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Encyclopaedia


Chickenpox

Introduction

Chickenpox is a common illness that mainly affects children and causes an itchy, spotty rash.

Most children will catch chickenpox at some point. It can also occur in adults who didn't have it when they were a child.

It's usually mild and clears up in a week or so, but it can be dangerous for some people, such as pregnant women, newborn babies and people with a weakened immune system.

This page covers:

Symptoms of chickenpox

The symptoms of chickenpox start one to three weeks after becoming infected.

The main symptom is a rash that develops in three stages:

  • stage 1: spots – red raised spots develop on the face or chest before spreading to other parts of the body
  • stage 2: blisters – over the next few hours or the following day, very itchy fluid-filled blisters develop on top of the spots
  • stage 3: scabs and crusts – after a further few days, the blisters dry out and scab over to form a crust; the crusts then gradually fall off by themselves over the next week or two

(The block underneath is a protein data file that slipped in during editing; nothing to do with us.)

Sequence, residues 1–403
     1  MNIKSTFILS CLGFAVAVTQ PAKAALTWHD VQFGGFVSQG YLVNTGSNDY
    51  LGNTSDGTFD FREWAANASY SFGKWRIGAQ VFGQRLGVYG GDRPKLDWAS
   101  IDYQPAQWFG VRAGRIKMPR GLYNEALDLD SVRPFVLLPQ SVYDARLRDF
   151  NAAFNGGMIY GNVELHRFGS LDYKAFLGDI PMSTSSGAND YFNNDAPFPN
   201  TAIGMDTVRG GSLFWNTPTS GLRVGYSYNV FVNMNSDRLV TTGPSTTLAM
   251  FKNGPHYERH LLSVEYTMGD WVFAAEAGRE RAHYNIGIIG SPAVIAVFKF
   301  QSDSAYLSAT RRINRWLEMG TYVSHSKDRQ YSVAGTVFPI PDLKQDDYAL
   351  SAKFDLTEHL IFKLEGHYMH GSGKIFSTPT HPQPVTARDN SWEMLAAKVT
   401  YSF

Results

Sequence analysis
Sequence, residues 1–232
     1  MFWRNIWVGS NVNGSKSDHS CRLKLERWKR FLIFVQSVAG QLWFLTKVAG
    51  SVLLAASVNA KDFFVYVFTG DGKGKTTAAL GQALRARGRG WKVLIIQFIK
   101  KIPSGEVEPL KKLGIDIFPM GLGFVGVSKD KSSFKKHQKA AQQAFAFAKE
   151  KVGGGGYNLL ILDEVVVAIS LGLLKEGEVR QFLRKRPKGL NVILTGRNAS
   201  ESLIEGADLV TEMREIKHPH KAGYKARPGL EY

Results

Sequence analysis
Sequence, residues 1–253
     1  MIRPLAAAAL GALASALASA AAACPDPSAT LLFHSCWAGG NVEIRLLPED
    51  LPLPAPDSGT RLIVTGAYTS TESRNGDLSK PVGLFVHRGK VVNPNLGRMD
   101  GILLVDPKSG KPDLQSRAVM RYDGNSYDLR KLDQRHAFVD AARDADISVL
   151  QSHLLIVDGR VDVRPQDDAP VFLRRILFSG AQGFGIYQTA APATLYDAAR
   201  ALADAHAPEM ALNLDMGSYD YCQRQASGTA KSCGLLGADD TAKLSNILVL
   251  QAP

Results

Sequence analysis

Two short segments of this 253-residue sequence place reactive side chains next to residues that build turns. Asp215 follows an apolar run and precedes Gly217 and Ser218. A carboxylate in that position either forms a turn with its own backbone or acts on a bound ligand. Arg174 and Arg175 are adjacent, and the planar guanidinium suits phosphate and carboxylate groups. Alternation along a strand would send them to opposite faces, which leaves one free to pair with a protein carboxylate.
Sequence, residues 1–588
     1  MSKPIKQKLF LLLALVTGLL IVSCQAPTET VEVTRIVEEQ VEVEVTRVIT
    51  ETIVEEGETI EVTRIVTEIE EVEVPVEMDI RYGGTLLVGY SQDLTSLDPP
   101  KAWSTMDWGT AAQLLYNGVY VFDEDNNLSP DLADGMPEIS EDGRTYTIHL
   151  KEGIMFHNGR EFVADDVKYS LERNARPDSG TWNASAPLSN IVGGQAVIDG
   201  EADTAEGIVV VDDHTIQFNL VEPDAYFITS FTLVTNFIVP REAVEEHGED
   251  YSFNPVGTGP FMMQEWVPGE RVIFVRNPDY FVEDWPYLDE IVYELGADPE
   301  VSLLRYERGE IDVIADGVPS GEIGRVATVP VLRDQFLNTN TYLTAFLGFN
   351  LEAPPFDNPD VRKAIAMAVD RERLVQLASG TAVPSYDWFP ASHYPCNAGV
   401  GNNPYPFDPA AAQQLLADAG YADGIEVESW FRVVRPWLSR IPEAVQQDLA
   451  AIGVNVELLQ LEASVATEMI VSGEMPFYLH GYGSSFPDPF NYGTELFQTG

Chickenpox is contagious until all the blisters have scabbed over, which usually happens about five or six days after the rash appeared.

Read about the symptoms of chickenpox for more information and pictures of the different stages of the rash.

How to treat chickenpox at home

Chickenpox can usually be treated at home.

You or your child will probably feel pretty miserable and uncomfortable, but treatment can help relieve the symptoms.

The following can help:

  • take over-the-counter painkillers such as paracetamol to relieve fever and discomfort
  • use calamine lotion, moisturising creams or cooling gels to ease itching
  • tap or pat the skin rather than scratching it – it's important to avoid scratching because this can lead to further problems
  • drink plenty of fluids to stay hydrated

You should also take steps to stop chickenpox spreading, such as staying away from school or work until the last blister has scabbed over.

Read more about how to treat chickenpox.

When to get medical advice

Chickenpox is normally mild and gets better on its own. But some people can become more seriously ill and need to see a doctor.

It's a good idea to contact your GP or NHS Direct Wales on 0845 46 47 for advice if: